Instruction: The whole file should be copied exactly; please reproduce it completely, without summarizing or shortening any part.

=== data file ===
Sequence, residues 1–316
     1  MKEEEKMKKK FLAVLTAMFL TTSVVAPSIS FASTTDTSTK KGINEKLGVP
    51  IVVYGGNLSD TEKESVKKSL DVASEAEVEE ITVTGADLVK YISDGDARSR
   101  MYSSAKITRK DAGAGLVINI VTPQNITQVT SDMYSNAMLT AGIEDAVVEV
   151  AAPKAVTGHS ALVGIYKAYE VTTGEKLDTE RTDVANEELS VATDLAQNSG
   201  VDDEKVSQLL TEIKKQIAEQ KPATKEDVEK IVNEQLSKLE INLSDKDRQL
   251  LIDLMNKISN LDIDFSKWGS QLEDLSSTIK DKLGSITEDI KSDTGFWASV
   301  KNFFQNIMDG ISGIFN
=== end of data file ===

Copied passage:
Sequence, residues 1–316
     1  MKEEEKMKKK FLAVLTAMFL TTSVVAPSIS FASTTDTSTK KGINEKLGVP
    51  IVVYGGNLSD TEKESVKKSL DVASEAEVEE ITVTGADLVK YISDGDARSR
   101  MYSSAKITRK DAGAGLVINI VTPQNITQVT SDMYSNAMLT AGIEDAVVEV
   151  AAPKAVTGHS ALVGIYKAYE VTTGEKLDTE RTDVANEELS VATDLAQNSG
   201  VDDEKVSQLL TEIKKQIAEQ KPATKEDVEK IVNEQLSKLE INLSDKDRQL
   251  LIDLMNKISN LDIDFSKWGS QLEDLSSTIK DKLGSITEDI KSDTGFWASV
   301  KNFFQNIMDG ISGIFN